de Morgan’s laws
In set theory, de Morgan’s laws relate the three basic set operations to each other; the union, the intersection, and the complement. de Morgan’s laws are named after the Indian-born British mathematician and logician Augustus De Morgan (1806-1871) .
If and are subsets of a set , de Morgan’s laws state that
Here, denotes the union, denotes the intersection, and denotes the set complement of in , i.e., .
Above, de Morgan’s laws are written for two sets. In this form, they are intuitively quite clear. For instance, the first claim states that an element that is not in is not in and not in . It also states that an elements not in and not in is not in .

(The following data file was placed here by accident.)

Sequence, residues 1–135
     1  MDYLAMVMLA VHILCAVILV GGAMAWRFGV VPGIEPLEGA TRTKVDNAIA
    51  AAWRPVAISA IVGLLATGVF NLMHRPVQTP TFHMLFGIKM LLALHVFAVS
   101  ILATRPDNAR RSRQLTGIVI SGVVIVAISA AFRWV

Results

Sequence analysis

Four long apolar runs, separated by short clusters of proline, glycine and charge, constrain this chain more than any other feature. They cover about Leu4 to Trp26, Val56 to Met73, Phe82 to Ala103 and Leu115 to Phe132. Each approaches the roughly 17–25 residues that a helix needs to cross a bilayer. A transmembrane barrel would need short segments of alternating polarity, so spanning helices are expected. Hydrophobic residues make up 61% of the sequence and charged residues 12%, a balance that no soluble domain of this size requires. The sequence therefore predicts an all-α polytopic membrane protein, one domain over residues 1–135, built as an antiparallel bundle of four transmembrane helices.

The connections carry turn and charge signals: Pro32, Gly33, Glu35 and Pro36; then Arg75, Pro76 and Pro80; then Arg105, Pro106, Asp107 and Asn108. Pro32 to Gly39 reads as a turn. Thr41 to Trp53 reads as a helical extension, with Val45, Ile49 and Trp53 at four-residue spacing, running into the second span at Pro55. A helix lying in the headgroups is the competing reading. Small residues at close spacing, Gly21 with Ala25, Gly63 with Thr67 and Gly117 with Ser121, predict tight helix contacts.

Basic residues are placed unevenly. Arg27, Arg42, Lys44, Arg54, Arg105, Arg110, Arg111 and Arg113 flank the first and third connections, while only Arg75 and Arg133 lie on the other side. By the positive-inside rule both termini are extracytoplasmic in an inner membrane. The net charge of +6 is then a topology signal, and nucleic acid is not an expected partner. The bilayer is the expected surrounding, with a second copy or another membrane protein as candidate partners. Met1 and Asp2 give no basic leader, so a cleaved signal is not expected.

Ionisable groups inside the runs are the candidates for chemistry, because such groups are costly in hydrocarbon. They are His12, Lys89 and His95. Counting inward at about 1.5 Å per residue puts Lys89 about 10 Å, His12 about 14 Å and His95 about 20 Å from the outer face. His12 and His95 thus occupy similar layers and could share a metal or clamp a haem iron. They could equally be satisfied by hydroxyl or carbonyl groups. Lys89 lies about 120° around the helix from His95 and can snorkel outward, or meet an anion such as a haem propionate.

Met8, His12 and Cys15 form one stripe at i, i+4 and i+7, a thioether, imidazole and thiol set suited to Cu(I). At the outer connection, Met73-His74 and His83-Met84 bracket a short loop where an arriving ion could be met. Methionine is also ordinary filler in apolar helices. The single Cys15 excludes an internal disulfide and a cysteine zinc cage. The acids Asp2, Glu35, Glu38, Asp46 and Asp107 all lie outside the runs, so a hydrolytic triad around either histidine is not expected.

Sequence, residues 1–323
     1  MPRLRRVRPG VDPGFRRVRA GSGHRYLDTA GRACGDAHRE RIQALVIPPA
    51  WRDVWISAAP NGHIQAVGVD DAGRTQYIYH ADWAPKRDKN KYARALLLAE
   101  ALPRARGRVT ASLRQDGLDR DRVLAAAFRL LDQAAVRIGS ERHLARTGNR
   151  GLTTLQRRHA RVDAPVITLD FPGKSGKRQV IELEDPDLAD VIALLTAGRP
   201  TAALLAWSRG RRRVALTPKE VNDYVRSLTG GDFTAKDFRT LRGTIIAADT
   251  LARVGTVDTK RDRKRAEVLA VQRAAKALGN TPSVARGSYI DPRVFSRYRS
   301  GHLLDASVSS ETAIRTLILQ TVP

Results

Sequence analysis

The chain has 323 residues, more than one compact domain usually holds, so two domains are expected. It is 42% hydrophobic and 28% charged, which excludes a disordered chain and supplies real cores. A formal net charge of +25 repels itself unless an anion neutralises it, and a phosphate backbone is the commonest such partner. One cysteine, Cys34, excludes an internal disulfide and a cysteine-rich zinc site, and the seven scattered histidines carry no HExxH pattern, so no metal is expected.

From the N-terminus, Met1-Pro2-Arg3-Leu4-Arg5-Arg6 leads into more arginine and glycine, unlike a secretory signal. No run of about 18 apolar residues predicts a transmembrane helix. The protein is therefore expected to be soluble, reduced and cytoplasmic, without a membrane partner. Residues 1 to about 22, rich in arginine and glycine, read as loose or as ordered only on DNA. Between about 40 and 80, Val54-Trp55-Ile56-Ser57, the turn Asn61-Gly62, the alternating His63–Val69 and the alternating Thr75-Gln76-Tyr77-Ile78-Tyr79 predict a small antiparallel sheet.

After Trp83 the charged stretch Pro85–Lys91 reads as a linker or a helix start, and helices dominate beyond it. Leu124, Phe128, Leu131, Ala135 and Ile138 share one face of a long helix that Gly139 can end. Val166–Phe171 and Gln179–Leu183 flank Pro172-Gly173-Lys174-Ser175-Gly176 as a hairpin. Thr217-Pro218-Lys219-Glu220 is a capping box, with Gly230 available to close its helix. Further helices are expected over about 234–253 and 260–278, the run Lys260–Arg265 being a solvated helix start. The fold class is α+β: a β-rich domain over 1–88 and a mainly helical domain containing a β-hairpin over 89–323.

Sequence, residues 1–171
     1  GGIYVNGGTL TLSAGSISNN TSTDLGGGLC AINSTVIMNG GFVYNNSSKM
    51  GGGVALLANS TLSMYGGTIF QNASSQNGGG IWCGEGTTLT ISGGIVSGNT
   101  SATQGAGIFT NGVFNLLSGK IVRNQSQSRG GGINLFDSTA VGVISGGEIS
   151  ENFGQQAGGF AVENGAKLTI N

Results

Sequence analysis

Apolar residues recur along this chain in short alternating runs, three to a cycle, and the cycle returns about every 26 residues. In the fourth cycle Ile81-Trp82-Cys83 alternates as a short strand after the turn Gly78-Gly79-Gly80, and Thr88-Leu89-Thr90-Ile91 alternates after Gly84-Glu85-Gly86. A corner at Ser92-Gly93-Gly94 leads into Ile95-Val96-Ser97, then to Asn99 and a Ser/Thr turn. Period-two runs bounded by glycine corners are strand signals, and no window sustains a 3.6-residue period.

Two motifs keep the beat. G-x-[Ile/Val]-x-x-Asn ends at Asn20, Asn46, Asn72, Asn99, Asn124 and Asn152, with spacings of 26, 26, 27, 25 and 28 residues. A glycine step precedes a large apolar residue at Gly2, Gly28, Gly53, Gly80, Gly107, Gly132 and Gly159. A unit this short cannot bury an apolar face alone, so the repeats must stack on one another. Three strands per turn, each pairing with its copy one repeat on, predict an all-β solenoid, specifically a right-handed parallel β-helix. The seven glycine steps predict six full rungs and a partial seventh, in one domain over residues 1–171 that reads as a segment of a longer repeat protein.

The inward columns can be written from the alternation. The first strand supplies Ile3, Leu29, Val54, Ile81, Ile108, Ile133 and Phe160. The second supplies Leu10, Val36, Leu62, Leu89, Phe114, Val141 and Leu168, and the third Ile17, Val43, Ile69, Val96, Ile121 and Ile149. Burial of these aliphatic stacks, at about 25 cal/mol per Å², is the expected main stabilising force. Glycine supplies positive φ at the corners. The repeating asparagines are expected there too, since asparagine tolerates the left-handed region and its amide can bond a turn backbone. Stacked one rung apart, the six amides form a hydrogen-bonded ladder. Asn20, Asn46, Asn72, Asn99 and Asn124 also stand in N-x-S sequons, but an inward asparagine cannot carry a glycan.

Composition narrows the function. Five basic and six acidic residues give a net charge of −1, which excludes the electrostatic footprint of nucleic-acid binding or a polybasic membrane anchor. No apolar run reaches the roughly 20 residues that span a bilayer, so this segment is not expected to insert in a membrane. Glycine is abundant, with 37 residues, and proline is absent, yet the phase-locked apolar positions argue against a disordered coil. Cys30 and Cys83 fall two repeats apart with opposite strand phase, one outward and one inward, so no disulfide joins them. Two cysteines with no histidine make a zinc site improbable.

For an arbitrary collection of subsets, de Morgan’s laws are as follows:
Not surprisingly, de Morgan’s laws form an indispensable tool when simplifying digital circuits involving and, or, and not gates .
- 1 Wikipedia’s http://www.wikipedia.org/wiki/Augustus_De_Morganentry on de Morgan, 4/2003.
- 2 M.M. Mano, Computer Engineering: Hardware Design, Prentice Hall, 1988.
|Title||de Morgan’s laws|
|Date of creation||2013-03-22 12:24:49|
|Last modified on||2013-03-22 12:24:49|
|Last modified by||mathcam (2727)|